President Obama fired back Tuesday at Senate Republicans pre-emptively threatening to block his eventual nominee to succeed the late Justice Antonin Scalia, saying at a press conference that the Senate has “more than enough time” to consider his pick and he intends to press ahead.

“The Constitution is pretty clear about what is supposed to happen now,” Obama said. “When there is a vacancy on the Supreme Court, the president of the United States is to nominate someone. The Senate is to consider that nomination.”

Obama, in his most extensive remarks on the vacancy since the 79-year-old Scalia was found dead at a Texas ranch on Saturday, rejected widespread calls by Republican lawmakers and 2016 candidates to defer to the next president to fill Scalia’s seat.

“There is no unwritten law that says that it can only be done on off-years. That’s not in the constitutional text,” Obama said, blasting what he called an “obstructionist” Senate.

The president has found himself in an awkward position, though, as he scolds Republicans over threats to block his nominee – since Obama, as a U.S. senator, tried in 2006 to filibuster the nomination of Samuel Alito, who ultimately was confirmed. Asked about that seeming discrepancy on Tuesday, Obama did not answer directly. He noted that senators are sometimes worried about primary elections and a backlash from supporters, and take “strategic decisions.” But he brushed off his own opposition to Alito, saying he’s on the bench now, “regardless of which votes particular senators have taken.”


Obama held the press conference at the close of a summit in California with leaders of Southeast Asian nations.

It came as he’s facing an already-heated battle back in Washington over his potential pick to replace Scalia – before he has even announced his nominee.

Senate Republicans want Obama’s successor to fill the vacancy, and some are threatening to oppose any Obama nominee. “The next Court appointment should be made by the newly-elected president,” Sen. Pat Toomey, R-Pa., said in a statement Monday.

Republican National Committee Chairman Reince Priebus said push to  let Obama’s successor to fill the vacancy "is not about the person," but "about the court."

"The American people‎ should have a voice in the selection of their next Supreme Court Justice by allowing this issue to be front and center in this year’s election," he said. "As Democrats have already admitted, their breach of decades of precedent is all about scoring political points.”

But Obama says he will fulfill his constitutional duty and nominate a replacement in due time.

Suggesting he would not use a single-issue litmus test in selecting his nominee, Obama said Tuesday whomever he chooses will be “indisputably” qualified.

At the same time, he said he understands the “stakes,” bluntly acknowledging the next justice “would be a deciding vote” in a divided court.

Later asked if the public should assume he is likely to choose a moderate, Obama curtly responded, “No.” He then elaborated, saying: “I don’t know where you found that. You shouldn’t assume anything … other than they’re going to be well-qualified.”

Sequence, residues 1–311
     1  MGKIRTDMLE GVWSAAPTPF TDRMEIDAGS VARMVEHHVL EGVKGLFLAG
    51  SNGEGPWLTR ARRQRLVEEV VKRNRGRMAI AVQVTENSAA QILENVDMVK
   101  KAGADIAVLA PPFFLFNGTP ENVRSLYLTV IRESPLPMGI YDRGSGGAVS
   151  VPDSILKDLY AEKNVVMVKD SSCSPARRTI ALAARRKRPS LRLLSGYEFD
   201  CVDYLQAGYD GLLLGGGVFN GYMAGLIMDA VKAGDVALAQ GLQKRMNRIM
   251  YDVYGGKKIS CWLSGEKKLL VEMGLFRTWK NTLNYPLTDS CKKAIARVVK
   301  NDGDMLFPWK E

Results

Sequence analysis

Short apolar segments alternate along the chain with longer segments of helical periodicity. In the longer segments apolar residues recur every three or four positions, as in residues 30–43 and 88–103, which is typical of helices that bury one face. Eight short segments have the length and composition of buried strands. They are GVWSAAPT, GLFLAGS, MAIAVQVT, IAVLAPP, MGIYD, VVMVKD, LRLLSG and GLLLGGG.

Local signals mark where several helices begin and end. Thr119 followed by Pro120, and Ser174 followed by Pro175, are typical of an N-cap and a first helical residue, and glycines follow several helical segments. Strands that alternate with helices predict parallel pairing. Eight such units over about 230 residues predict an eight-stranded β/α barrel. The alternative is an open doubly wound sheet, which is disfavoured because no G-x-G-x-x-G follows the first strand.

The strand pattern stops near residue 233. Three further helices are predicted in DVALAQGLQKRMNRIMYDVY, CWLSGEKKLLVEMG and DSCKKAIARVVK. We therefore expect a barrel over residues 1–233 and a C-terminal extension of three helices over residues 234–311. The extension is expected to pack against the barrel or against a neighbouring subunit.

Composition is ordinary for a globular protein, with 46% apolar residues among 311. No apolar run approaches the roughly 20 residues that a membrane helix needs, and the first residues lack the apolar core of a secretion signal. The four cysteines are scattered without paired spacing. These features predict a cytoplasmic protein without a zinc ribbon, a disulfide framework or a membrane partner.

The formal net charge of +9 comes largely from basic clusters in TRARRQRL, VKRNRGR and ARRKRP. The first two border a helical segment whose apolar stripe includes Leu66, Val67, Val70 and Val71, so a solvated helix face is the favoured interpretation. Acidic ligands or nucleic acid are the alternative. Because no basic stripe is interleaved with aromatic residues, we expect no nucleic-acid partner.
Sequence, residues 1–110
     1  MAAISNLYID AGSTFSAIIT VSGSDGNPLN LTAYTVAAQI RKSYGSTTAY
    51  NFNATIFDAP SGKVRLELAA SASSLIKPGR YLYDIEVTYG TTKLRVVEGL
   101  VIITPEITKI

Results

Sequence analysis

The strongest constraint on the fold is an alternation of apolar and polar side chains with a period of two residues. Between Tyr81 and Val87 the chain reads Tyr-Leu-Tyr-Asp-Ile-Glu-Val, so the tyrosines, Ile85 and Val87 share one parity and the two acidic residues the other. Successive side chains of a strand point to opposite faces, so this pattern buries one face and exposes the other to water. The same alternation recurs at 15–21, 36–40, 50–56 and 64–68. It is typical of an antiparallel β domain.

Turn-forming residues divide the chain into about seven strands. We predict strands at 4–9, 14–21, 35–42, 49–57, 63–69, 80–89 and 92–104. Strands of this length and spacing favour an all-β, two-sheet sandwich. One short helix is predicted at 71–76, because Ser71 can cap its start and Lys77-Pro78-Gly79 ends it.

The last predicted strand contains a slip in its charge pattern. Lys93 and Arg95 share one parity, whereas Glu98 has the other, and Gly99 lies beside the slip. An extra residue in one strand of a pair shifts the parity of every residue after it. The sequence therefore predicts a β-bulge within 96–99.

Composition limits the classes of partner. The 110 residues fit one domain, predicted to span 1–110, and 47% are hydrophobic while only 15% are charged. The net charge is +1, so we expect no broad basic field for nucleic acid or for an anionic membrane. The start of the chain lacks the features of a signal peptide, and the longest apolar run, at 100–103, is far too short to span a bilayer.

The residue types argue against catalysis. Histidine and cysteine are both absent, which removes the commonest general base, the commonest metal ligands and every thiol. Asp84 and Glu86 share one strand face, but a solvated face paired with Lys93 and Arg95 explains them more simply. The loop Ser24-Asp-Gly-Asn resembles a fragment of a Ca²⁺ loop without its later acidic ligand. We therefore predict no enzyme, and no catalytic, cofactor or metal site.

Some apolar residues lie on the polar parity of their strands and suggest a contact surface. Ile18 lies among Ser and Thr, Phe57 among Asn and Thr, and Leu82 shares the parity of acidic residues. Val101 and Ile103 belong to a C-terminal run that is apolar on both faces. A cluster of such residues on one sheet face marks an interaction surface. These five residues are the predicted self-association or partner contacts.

He also suggested he was not considering a controversial recess appointment, but did not definitively rule it out, either.

Obama’s Democratic allies have blasted Republicans for their recent statements on the court battle.

"By ignoring its constitutional mandate, the Senate would sabotage the highest court in the United States and aim a procedural missile at the foundation of our system of checks and balances," Senate Minority Leader Harry Reid, D-Nev., said in a scathing op-ed in Tuesday's Washington Post.

A key Republican senator, though, left open the possibility of at least holding a confirmation hearing.

Senate Judiciary Committee Chairman Charles Grassley told Iowa radio reporters Tuesday he supports Majority Leader Mitch McConnell's view that Obama's successor should nominate someone but won't make any decision until there's a nominee.

At Tuesday’s press conference, Obama also weighed in on the 2016 race to succeed him in the White House. He reprised his criticism of the Republican candidates, and even seemed to take a shot at Florida Sen. Marco Rubio for allegedly “running away” from a comprehensive immigration reform bill.

But on the Democratic primary battle between Hillary Clinton and Bernie Sanders, he declined to comment extensively.

“Let’s see how this thing plays itself out,” he said, adding: “Ultimately, I will probably have an opinion on it.”

On foreign policy, Obama also said he's under no illusions that a ceasefire negotiated for Syria will bring lasting peace to the "shattered" nation.

Obama and leaders of the Association of Southeast Asian Nations, meanwhile, spent the session in California Tuesday trading views on China's territorial claims to disputed water of the South China Sea, moves that have sounded international alarms and heightened tensions with some association members.

Counterterrorism, a growing concern in the Asia-Pacific region, was also on the agenda.

The U.S. maintains that maritime disputes should be resolved peacefully according to international law, a stance Obama emphasized Monday in welcoming leaders of ASEAN's 10-nation bloc: Indonesia, Malaysia, the Philippines, Singapore, Thailand, Brunei, Vietnam, Laos, Myanmar and Cambodia.

“Freedom of navigation must be upheld,” Obama said Tuesday, following the first ASEAN-only summit held in the U.S.

The Associated Press contributed to this report.